Winter is probably the most challenging time of the year with cold and flu season upon us, as well as the mental and emotional stress the holidays may put on us; in addition to the common occurrence of Seasonal Affective Disorder (SAD) which frequently goes unattended. SAD is actually one of the best examples of how the seasonal changes can effect us, simply through the decrease of sunlight we receive due to fewer daylight hours, cloudy weather and staying inside to avoid falling temperatures.
I recently had the pleasure of meeting Dr. Elson Haas at his practice, Preventive Medical Center of Marin, where he and his staff support people by employing integrative and preventive healing systems such as nutrition, body therapy and herbal and homeopathic medicines. Dr. Haas is the author of “Staying Healthy With the Seasons,” first published in 1981, one the ground breaking guides on keeping oneself healthy by staying mindfully attuned to the natural rhythms of the Earth.
With a little discipline and some simple tips, we can stay on top of our physical and emotional health during the winter months. In “Staying Healthy With the Seasons” Dr. Haas uses the model of Traditional Chinese Medicine (TCM), which associates winter with the element of water, as one way to guide us in making healthy seasonal choices. The chapter on winter begins by discussing its connection to the element of water, which makes sense, as it is the rainy/snowy time of year in many regions. However winter can also be very drying to the human system because of the cold air, so it’s important to stay hydrated with warm soothing teas, soups and broths. When we are sick and run down, our physical well-being greatly effects our emotional well-being.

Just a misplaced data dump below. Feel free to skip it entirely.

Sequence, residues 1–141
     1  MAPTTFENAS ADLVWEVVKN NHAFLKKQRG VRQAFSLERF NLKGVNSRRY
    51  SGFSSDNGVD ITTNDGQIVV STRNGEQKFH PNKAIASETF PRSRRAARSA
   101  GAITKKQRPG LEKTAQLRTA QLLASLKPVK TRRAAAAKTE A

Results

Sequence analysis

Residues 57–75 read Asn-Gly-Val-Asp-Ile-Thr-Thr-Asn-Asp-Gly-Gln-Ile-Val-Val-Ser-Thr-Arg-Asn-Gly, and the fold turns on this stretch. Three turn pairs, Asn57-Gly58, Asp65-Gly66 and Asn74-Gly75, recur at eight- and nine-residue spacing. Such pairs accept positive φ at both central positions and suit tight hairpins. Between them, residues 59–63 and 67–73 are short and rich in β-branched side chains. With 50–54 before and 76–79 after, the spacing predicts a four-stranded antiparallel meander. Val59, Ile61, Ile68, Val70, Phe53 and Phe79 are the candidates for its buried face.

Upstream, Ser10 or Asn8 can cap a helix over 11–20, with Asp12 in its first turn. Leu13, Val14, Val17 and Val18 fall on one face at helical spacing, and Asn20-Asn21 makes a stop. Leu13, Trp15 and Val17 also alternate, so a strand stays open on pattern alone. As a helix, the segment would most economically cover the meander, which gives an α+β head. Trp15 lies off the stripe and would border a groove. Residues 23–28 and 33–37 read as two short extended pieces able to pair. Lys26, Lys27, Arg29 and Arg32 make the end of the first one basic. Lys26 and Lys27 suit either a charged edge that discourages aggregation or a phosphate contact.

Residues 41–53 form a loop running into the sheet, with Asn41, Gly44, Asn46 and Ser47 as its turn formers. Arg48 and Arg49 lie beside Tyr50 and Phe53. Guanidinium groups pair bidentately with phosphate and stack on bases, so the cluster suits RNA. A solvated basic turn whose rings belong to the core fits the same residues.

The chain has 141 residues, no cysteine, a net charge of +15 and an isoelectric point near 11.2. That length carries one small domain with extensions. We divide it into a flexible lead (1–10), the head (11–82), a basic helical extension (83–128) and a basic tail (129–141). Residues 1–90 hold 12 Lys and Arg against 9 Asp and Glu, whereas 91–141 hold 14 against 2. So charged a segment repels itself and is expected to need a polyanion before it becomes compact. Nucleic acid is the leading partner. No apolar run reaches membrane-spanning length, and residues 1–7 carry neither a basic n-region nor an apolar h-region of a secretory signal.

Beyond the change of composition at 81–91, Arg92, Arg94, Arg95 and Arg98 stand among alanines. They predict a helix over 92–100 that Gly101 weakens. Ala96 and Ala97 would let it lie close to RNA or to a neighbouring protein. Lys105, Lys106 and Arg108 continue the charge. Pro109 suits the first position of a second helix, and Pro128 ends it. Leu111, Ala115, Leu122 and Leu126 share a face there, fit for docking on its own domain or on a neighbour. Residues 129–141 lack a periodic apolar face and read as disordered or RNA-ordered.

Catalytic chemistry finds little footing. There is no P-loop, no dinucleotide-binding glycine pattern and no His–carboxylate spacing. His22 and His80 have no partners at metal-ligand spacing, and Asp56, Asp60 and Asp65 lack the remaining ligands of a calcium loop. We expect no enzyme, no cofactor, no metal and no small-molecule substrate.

The element of water is also associated with the emotions in TCM as well as many other healing systems. Winter can be emotionally challenging for many reasons, such as the aforementioned SAD and holiday stress, as well as loneliness for those who feel isolated by family or community during a celebratory time of year. Making time for self-care and reaching out for support is paramount now. Taking baths, exercising and getting extra sleep and rest are all ways to support your mood and body.
The cold, dark months are also a time for inner reflection. Many people take inventory of their life in the last year and make resolutions on January first, letting go of old patterns and starting afresh. So take some time to reflect upon both your past and your present, making changes where necessary for staying healthy through the season.
Happy New Year!
*Here’s a little bonus list of 7 Foods for Winter Blues.